What are the top three essentials in your workspace?
- Devices: Surface, iPad Mini, iPad, iPhone, an Android device and a Windows phone are essential to me because I need to test my designs directly on the platforms I am designing for.
- Collaboration: Collaboration is the key to success – with engineers and designers on my team, as well as all the other stakeholders.
- Internet Connection: Seems obvious, but it’s one of the things I use constantly for researching online.
Do you ever work outside the office?
Yes. When I’m in a deep production phase and need to focus on getting deliverables finalized. My Wacom allows me to work from home and cafés without being at a desk. Luckily I am able to block out the world and focus on my work no matter where I am.
Customers can experience use cases, and the development team understands my design in InVision without me having to write extensive functional specifications.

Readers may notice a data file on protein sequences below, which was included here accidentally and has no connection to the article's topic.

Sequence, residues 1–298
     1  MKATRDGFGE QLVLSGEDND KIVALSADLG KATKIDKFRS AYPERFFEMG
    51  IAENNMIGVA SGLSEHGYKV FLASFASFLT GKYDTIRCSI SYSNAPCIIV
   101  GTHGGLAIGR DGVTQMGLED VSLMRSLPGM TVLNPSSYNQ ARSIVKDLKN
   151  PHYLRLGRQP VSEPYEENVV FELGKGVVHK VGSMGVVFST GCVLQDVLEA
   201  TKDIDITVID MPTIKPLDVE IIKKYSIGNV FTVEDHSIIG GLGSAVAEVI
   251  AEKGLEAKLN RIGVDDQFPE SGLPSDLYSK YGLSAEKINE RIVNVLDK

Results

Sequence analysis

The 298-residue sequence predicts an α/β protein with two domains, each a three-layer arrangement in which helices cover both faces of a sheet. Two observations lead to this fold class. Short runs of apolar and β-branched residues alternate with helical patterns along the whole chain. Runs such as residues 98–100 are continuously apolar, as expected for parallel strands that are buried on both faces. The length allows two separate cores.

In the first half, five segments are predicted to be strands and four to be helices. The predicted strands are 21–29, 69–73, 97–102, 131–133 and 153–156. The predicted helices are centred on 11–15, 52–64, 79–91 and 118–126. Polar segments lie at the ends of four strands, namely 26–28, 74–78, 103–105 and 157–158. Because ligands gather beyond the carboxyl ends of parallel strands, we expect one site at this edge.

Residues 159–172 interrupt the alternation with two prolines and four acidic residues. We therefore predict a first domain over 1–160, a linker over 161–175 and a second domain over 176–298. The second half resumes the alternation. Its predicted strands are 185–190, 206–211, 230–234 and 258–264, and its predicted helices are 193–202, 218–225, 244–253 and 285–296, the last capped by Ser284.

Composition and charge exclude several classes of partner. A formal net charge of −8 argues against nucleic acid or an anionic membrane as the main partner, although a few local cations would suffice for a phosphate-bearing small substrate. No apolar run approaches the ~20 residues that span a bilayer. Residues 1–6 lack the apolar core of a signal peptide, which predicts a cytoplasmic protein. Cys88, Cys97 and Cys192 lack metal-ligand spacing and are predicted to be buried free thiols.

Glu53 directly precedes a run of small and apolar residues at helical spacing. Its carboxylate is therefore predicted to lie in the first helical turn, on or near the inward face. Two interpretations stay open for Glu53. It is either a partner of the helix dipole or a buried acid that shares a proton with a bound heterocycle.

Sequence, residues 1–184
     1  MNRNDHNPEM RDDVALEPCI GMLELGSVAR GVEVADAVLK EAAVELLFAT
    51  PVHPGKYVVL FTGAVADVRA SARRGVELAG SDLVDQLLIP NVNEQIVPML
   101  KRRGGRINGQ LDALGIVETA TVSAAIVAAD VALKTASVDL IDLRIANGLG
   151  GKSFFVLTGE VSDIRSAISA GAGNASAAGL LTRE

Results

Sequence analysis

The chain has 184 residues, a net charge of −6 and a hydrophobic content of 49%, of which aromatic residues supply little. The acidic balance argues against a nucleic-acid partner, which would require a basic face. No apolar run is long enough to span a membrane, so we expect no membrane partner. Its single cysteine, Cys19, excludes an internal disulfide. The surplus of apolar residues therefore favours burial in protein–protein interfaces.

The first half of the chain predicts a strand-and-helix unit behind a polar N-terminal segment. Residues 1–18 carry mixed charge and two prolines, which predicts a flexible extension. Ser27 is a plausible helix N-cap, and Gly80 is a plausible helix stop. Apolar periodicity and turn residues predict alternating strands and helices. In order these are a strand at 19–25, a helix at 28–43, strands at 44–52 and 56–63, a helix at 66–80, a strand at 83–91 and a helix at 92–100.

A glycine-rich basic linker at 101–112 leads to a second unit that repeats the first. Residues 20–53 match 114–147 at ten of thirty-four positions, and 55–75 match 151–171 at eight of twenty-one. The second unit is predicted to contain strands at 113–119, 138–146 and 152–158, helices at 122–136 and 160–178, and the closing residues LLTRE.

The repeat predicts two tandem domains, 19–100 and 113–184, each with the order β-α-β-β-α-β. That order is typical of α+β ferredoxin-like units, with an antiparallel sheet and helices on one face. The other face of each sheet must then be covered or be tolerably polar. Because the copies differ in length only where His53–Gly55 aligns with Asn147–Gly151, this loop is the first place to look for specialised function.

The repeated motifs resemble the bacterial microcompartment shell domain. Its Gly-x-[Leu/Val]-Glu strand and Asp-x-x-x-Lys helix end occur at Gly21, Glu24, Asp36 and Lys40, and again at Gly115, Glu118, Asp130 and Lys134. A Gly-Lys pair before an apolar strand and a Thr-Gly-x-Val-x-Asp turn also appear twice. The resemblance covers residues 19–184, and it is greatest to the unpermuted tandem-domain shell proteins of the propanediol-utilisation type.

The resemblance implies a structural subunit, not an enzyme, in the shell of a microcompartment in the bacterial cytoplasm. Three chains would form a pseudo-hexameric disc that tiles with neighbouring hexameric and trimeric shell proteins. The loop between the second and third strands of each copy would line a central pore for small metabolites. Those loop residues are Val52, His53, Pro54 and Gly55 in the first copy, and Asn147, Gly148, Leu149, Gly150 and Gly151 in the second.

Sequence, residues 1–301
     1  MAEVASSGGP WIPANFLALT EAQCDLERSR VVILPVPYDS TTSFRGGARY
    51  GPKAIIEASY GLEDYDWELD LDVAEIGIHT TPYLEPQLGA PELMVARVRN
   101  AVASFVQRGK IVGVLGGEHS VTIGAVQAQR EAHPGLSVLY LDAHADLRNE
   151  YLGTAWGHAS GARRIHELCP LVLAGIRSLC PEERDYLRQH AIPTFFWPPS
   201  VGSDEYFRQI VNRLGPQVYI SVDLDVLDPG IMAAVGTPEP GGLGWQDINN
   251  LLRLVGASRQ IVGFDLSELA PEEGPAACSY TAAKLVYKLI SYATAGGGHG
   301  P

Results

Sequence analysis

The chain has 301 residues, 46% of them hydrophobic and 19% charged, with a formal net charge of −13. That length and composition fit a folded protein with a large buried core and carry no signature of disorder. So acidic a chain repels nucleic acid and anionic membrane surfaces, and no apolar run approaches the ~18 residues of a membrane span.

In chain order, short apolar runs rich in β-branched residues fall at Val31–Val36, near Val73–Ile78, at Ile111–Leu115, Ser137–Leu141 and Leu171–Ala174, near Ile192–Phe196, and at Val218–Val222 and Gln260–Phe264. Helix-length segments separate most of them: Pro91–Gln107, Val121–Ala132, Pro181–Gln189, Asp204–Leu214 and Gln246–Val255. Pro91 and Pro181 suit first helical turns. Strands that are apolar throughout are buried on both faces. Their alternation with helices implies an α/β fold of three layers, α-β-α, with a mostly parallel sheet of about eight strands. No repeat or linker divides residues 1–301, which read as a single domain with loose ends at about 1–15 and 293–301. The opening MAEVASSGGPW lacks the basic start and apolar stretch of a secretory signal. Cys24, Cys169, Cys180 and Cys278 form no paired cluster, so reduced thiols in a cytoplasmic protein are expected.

What do you do when you hit a creative roadblock?
I try to take a step back and look at the problem from a bigger perspective or different angle. I also seek advice from colleagues and friends by running by ideas and challenges through them. A second perspective on a problem can show you possibilities that you alone couldn’t have found – That can be very eye-opening and stimulating.
Do you ever do any sketching on paper?
I sketch almost daily. Sketching is essential in terms of bringing ideas and interaction models to the table to stimulate conversation. Quick visualizations, on paper or a whiteboard, help me grasp a challenge and discover possible solutions. I sketch everything from mobile interfaces, rough processes and concepts, to interaction patterns
Where do you look for inspiration?
- Pttrns: Creative input for iPhone.
- Dribbble: The visual Bible for graphic designers.
- Visual.ly: Nice infographics.
- Smashing Magazine: For UX-related matters.